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I lost track of this amidst all the other awesomeness last week.

http://transequality.org/blog/win-agency-bans-health-care-exclusions-for-federal-workers
Today, the US Office of Personnel Management (OPM) issued a Carrier Letter to their health plans banning blanket exclusions for transition-related care. The news is the culmination of advocacy by the National Center for Transgender Equality (NCTE) and others since 2009 pressing OPM to recognize that Federal Health Benefits Plans that maintain blanket exclusions of transition-related care is a form of employment discrimination and must be eliminat...
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TIL what causes bus bunching.

http://setosa.io/bus/
Created by Lewis Lehe (of Setosa and UC Berkeley Trans. Eng.) with design and art by Dennys Hess. Thanks to Ian Johnson for good advice. Tools: d3, Angular Material, Coffeescript, Browserify, Gulp and Five-Hour Energy Drink.
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'nother solution: Set realistic schedules that factor in expected delays. Also get rid of drivers who don't start their routes on time. Lots of non-SF cities have figured this out.
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Health care and its incentives are super complicated. I found this article very interesting.

http://www.newyorker.com/magazine/2015/05/11/overkill-atul-gawande/
Millions of Americans get tests, drugs, and operations that won’t make them better, may cause harm, and cost billions. Credit Illustration by Anna Parini
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Have him in circles
1,497 people
Humnath Panthi's profile photo
Ib Lundgren's profile photo
Stark Geng's profile photo
Apurba Biswas's profile photo
Dana Nelson's profile photo
Valdnei Pinto's profile photo
S S's profile photo
Mayumi Toyoshima's profile photo
Boaz Gurdin's profile photo
Work
Occupation
Geek
Employment
  • Google
    Geek, 2006 - present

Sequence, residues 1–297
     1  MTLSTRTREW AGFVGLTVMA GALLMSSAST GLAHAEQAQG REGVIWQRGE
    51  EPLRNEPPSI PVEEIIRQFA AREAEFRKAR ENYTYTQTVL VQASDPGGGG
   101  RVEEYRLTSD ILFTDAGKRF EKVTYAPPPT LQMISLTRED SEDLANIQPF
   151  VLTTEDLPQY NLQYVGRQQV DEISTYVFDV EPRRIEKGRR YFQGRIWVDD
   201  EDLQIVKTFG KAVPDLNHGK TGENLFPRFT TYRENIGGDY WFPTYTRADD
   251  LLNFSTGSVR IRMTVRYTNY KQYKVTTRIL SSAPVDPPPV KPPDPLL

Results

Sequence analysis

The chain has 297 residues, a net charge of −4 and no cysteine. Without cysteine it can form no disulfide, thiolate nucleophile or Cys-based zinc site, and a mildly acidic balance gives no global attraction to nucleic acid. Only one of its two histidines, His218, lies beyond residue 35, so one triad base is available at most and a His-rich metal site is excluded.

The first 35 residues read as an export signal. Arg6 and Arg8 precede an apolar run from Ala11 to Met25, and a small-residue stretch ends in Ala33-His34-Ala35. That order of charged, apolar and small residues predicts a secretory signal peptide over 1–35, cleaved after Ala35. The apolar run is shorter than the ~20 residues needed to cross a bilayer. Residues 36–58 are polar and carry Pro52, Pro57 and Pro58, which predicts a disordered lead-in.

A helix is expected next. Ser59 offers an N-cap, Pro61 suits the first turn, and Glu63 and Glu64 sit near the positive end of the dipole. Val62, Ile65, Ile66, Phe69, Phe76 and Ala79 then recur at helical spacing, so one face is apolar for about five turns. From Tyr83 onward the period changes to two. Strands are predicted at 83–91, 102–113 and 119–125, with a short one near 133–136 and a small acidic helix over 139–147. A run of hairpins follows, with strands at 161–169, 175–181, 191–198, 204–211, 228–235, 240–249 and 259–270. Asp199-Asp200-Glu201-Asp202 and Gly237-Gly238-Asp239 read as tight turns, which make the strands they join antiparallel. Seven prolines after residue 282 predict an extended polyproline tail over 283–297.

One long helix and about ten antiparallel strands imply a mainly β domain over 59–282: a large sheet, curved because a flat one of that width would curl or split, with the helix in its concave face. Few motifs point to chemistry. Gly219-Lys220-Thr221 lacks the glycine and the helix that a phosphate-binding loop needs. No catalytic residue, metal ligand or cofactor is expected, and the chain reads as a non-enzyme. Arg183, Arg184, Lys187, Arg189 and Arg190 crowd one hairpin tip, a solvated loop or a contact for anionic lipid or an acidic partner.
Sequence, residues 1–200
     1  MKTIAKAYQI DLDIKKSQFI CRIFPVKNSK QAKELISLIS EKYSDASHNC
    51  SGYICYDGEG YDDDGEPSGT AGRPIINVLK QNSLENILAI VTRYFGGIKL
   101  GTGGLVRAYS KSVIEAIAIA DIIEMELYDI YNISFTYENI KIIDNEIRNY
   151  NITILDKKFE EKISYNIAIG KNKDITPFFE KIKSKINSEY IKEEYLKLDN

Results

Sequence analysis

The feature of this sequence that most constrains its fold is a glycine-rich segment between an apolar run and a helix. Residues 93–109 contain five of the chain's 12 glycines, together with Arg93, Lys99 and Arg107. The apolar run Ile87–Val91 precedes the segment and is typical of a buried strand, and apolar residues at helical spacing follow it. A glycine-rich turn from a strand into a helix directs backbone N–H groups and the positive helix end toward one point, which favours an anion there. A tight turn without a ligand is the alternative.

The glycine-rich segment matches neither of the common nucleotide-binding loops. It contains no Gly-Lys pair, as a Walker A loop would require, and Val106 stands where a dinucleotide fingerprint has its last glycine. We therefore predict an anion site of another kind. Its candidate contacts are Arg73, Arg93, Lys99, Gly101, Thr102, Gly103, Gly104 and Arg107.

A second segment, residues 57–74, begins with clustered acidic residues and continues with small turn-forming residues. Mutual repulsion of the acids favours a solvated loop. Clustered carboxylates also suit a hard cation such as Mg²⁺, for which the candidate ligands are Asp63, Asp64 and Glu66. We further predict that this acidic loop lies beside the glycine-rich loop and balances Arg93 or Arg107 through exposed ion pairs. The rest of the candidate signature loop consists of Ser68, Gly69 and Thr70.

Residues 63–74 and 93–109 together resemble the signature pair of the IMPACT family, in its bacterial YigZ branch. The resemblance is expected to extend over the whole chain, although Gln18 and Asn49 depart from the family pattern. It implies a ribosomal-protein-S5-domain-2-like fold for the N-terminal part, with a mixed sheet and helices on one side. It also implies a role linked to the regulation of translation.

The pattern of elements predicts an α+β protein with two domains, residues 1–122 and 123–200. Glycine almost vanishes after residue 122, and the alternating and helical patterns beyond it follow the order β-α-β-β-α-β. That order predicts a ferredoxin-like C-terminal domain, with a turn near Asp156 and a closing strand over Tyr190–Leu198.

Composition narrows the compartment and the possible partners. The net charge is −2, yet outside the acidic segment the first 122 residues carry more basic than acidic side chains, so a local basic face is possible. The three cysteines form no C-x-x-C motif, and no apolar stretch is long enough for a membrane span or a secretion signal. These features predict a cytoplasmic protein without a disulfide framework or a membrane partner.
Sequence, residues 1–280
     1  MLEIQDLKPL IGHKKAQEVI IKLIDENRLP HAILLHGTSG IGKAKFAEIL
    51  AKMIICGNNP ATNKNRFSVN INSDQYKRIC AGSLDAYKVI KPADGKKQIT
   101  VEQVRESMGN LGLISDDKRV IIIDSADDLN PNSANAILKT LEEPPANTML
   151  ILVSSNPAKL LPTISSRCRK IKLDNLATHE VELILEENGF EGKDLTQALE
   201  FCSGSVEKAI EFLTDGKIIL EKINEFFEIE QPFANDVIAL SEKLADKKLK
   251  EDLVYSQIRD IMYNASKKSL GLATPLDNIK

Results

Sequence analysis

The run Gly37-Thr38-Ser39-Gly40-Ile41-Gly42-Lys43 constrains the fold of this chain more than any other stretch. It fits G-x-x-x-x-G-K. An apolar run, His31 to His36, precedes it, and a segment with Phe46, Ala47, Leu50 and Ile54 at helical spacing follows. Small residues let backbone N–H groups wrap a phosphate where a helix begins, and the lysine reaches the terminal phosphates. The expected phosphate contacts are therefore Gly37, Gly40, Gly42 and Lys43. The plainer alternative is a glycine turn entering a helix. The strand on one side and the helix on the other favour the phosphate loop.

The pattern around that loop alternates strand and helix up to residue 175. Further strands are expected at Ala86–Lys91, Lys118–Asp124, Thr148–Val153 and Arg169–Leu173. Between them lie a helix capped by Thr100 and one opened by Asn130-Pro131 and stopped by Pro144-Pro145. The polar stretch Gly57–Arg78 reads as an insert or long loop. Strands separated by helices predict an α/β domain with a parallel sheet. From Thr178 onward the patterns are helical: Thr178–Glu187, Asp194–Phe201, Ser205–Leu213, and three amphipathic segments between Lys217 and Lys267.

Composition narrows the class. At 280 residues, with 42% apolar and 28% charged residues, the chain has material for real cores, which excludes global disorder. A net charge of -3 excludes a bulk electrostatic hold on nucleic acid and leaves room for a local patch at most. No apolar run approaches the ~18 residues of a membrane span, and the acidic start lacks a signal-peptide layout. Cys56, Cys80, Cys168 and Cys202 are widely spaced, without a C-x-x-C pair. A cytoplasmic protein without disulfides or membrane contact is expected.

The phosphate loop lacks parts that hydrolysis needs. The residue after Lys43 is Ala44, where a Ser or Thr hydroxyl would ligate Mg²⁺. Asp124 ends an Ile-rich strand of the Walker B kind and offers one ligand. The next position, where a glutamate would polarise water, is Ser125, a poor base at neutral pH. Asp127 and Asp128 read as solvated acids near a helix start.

Places
Map of the places this user has livedMap of the places this user has livedMap of the places this user has lived
Currently
San Francisco
Previously
Kampala - Huntington Beach - Kyoto - Tokyo - Beijing - Seville - Stanford - Yangshuo - Riyadh - Houston
Contact Information
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Email
Story
Tagline
Emperor penguin traveling incognito as a computer geek
Introduction
This is not the William Chan you're looking for. --Obi-Wan Kenobi

This William Chan works on the Chromium browser, primarily on its network stack and core APIs. He spends all day doing code reviews and answering emails asking why he hasn't done people's code reviews yet, the answer to which usually is that he's busy conducting quality control checks on the chrome-sf bar. He is very anal about APIs and strongly believes the bike shed should be pink.
Bragging rights
I have a scar from a sea lion bite, although I'm not sure I should brag about it.
Education
  • Stanford University
    Computer Science, 2000 - 2005
Basic Information
Gender
Male
Other names
陳智昌
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William Chan's +1's are the things they like, agree with, or want to recommend.
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Public - a year ago
reviewed a year ago
Best dim sum in the bay area, bar none. The problem is that every other Cantonese person in the bay area knows it and will line up right at opening time in order to get a table. Pretty impossible to get a table on the weekend and difficult, but doable, during the week.
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reviewed a year ago
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reviewed 3 years ago
The view from the top is amazing! One of those hidden SF gems.
Public - 3 years ago
reviewed 3 years ago
114 reviews
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I love the classes at Athletic Playground. They usually leave me feeling absolutely destroyed, in a good way. All the instructors have been great, and if I am around the bay area on the weekend without any specific plans, my default is to take a class at Athletic Playground.
Appeal: ExcellentFacilities: ExcellentService: Excellent
Public - 3 years ago
reviewed 3 years ago
Public - 3 years ago
reviewed 3 years ago
Public - 4 years ago
reviewed 4 years ago